Then a horse appeared in the glow. But even at this distance, we knew it wasn’t ours. And it was running straight towards us.

Later we talked about how we were both thinking the same thing. We were worried that our horses, escaped and running, had helped break out others. We were sure that a mass escape of the local horse community led by our troublemakers, was going to be a bigger larger problem then two ambitious teenagers would be able to fix.

But the horse rushing up to us in the dark didn’t belong to any of our neighbors either. You know these things in a small farm community.

And right behind it was another unknown, larger this time. And it too, was not from around there. A third and fourth appeared. And finally, it was too many to count and they were bearing down on us. There’s a moment of fear when big animals are moving fast toward you that helps initiate the holding steady and flowing movement you need. You just shift and flow sideways, maybe turning slightly, while they shift and flow around you.Fear and exhilaration mixed with our confusion of identity, as they surrounded us.

These weren’t our horses, these weren’t anybodies horses.

Then they disappeared into the night.

We walked home, not knowing what to do next. There, we found our three, warm in their shed. The shed we’d failed to look into before departing.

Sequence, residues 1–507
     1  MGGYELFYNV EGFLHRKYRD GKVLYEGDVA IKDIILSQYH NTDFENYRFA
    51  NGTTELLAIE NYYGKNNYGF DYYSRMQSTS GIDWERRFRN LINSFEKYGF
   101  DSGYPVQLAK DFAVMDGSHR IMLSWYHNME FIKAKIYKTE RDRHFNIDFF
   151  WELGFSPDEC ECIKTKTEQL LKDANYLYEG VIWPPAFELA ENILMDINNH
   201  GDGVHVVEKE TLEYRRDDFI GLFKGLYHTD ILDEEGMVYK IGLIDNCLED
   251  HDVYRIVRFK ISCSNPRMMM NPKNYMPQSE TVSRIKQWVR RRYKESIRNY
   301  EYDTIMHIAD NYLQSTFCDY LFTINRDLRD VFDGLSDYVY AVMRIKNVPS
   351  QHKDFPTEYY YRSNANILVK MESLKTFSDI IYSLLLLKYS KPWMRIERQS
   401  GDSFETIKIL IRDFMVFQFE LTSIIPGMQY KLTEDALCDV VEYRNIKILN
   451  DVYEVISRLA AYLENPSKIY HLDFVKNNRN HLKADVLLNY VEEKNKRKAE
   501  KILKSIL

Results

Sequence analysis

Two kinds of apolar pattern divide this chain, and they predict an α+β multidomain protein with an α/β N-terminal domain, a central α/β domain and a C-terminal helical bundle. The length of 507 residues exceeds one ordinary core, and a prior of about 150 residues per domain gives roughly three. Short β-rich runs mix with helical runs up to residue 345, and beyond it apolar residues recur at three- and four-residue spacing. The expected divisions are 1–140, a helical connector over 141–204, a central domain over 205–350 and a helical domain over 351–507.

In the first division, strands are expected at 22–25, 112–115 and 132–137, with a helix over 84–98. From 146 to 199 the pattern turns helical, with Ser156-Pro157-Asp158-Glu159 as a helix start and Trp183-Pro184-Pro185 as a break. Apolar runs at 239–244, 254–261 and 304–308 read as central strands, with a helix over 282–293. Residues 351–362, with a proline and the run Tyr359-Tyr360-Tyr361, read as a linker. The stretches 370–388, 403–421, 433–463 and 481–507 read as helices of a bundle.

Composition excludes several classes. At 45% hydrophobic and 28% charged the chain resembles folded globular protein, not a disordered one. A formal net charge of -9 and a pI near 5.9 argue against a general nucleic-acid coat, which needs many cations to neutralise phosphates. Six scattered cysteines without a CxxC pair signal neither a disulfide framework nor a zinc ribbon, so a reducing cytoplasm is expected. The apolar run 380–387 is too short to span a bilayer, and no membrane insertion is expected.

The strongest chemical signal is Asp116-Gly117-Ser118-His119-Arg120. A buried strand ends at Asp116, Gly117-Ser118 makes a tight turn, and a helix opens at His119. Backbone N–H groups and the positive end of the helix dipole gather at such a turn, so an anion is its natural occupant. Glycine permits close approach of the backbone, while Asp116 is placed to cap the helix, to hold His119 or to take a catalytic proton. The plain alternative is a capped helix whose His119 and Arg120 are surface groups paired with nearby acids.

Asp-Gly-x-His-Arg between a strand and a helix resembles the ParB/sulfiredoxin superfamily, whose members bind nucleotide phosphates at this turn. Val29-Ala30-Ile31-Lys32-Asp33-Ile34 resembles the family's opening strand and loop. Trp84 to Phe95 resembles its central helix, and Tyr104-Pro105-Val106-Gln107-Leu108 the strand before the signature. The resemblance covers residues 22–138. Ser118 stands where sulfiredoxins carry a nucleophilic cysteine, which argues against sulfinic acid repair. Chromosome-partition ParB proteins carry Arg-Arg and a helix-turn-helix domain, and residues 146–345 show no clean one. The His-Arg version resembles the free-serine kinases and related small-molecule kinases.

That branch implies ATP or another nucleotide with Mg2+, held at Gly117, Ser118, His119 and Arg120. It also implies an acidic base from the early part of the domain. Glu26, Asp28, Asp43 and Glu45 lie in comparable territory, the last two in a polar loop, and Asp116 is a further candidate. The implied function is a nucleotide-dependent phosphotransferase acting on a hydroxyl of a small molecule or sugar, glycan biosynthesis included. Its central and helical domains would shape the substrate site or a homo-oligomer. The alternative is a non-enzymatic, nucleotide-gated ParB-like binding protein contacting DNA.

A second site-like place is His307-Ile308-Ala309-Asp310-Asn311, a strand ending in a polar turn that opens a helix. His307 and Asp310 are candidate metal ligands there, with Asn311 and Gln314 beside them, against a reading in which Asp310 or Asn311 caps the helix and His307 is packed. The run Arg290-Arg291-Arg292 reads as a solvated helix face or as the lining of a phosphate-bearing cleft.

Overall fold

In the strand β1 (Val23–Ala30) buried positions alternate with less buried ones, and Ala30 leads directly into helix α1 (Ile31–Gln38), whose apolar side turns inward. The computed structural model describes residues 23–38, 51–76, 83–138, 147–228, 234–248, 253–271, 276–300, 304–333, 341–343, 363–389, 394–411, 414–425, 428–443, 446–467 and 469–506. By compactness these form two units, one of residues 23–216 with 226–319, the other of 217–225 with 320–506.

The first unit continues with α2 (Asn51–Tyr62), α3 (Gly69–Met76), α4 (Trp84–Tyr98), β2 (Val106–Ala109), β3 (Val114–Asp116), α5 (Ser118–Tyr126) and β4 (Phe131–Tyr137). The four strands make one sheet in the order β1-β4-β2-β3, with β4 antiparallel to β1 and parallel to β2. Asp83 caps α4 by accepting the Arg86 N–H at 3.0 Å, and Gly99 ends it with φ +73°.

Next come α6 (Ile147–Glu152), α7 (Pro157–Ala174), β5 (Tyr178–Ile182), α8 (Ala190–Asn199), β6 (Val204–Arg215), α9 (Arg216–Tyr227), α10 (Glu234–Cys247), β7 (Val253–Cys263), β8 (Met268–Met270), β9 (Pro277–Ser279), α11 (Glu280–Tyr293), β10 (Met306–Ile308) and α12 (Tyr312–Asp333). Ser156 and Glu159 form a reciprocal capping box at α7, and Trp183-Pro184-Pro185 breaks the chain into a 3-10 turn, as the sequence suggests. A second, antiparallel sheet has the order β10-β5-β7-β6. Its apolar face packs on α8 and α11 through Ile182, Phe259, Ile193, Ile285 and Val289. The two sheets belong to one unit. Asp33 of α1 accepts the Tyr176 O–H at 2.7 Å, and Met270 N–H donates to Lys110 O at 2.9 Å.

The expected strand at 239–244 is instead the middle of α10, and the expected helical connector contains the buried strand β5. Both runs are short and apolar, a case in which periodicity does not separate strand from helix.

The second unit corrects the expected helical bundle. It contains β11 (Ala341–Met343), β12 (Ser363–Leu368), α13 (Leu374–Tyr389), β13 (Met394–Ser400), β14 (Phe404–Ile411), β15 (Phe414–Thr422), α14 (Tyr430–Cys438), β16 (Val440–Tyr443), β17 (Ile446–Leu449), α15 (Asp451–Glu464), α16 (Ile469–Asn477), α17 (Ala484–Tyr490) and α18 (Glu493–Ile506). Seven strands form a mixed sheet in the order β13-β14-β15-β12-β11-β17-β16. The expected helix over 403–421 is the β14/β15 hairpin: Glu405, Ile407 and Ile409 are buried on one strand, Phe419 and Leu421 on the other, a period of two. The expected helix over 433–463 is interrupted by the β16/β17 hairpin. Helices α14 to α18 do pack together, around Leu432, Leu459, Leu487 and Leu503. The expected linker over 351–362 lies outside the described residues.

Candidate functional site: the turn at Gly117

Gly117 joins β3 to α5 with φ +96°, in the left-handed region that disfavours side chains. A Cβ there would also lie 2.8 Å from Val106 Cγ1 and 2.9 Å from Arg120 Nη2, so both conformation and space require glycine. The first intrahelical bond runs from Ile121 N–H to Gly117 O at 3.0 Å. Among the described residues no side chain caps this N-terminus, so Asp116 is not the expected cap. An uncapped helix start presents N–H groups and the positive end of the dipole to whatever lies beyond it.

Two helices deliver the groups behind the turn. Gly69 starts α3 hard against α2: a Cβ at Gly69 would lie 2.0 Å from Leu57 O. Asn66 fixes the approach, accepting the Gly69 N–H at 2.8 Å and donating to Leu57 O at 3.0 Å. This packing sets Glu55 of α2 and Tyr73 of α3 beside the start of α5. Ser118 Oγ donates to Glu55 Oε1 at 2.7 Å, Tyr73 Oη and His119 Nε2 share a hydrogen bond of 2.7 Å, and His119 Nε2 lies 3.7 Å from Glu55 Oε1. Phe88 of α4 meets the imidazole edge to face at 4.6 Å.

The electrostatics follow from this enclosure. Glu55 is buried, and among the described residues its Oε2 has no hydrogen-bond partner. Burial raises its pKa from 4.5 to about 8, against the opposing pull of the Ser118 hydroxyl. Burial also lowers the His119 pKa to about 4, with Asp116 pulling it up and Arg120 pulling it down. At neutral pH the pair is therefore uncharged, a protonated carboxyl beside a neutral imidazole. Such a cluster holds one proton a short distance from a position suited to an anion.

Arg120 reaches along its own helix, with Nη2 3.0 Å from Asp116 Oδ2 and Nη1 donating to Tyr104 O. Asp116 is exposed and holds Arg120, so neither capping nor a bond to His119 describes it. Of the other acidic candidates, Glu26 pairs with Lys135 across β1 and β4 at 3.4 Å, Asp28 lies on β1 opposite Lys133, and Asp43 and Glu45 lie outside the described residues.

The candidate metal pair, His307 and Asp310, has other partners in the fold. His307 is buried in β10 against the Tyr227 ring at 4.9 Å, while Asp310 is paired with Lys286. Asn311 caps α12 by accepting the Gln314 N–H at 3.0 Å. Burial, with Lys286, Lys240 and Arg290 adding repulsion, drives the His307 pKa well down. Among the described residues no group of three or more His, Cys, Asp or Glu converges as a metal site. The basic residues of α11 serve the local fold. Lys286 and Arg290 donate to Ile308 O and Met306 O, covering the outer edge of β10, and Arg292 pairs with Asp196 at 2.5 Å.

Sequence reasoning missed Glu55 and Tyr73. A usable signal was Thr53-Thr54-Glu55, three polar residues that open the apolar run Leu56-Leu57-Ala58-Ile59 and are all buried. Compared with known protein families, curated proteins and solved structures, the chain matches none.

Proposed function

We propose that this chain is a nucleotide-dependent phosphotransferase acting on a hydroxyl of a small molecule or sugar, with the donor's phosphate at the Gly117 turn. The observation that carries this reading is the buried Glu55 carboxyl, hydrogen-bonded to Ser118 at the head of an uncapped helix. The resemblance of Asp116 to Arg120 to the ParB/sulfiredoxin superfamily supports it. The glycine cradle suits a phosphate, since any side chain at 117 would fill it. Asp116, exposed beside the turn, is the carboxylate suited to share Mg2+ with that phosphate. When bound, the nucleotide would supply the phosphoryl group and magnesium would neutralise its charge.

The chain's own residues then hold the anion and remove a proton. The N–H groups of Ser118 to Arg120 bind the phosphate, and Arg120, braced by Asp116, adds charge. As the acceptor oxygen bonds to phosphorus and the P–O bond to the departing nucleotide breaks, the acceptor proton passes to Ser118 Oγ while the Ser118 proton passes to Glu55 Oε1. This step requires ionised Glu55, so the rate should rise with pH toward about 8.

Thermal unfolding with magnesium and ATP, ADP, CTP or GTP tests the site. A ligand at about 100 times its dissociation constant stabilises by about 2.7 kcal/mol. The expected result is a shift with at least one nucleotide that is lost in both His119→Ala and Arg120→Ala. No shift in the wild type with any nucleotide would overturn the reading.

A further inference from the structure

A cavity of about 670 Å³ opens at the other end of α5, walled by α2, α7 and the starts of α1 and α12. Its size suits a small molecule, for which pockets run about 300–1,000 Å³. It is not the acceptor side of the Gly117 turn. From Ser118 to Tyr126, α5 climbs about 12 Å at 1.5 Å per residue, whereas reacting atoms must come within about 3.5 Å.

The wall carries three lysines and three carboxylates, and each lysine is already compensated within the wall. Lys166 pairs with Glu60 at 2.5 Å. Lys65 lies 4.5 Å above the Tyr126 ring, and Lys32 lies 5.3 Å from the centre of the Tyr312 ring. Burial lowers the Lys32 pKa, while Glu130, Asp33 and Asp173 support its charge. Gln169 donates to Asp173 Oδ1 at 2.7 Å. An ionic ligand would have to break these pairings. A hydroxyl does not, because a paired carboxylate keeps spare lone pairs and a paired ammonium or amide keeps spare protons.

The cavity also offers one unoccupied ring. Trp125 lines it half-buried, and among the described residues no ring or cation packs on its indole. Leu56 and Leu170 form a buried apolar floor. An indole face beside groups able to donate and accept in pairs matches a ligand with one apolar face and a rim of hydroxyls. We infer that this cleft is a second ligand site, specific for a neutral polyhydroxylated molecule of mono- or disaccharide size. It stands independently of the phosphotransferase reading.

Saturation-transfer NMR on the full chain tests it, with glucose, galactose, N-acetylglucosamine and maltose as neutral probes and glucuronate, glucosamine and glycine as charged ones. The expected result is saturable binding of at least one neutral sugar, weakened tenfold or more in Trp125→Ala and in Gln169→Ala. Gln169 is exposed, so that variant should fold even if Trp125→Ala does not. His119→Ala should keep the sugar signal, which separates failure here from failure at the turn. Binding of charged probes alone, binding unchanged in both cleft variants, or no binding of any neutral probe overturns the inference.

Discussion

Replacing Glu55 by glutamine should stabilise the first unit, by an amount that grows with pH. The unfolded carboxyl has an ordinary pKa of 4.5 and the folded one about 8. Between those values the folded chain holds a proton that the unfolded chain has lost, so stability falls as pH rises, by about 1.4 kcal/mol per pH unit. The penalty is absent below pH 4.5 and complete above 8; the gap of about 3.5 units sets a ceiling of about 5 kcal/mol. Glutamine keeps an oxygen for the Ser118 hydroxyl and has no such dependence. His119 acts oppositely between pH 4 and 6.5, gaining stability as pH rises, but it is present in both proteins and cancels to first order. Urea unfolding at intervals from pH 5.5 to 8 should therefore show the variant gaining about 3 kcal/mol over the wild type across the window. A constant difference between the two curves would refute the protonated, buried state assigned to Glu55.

When I begin to weave back into me the time-lines of Mickey and I. That’s the point I use. The night of the ghost horses. I’m sure he was there. So for example, that’s the moment I jump forward to from before the trauma. Do some work to find these points.

This goes for history too. Horses on Turtle Island had died out, or most entirely died out, by the time the colonists arrived. When I look back over the centuries and see the dark times when the horses had departed from Turtle Island I can also see them longing to return to us, their siblings. The traumas and injustices of all the journeys and misunderstanding it took to bring them home across those waters means we may never know who let them out to begin with.

When you get past the trauma, weave your strengths from all the possible multiple happy versions of you out there. Know that life and death and pain and happiness are happening all the time, and simultaneously all around us. Breath it in. And know that at some point, maybe not this, or the next, or the next time traveling session you do – at some point, you’ll find yourself looking back at this time-line, the one you’re on, and accepting it completely.

Trauma can happen in an instance. Healing can take practice. I hope this one may be useful.

More of this will be coming. I have a similar work that goes with the future. And beyond that, a practice I’m starting that takes loving kindness meditation (Metta) back to the past, and to the future too. It’s meant to build a web of loving influence throughout whole time. This is the magic I began when the corvids met.

In 2012 I came to my first Witch Camp at BCWC. I was welcomed into a affinity group of powerful spiders, and I fell into Whole Time in our Fairy path with Willow and Rebecca Tidewalker. That year too, I met Crow and felt time magic first calling me, her vision of healing wrapped around and called my heart. I believe that we can heal whole time, that we do this first by healing ourselves, then by extending that out through the webs, through the time-lines and through each other. It’s a seeming impossible feat I know, maybe even imperceptible in the end. But it’s nothing short of bending the arc of the multiverses towards love.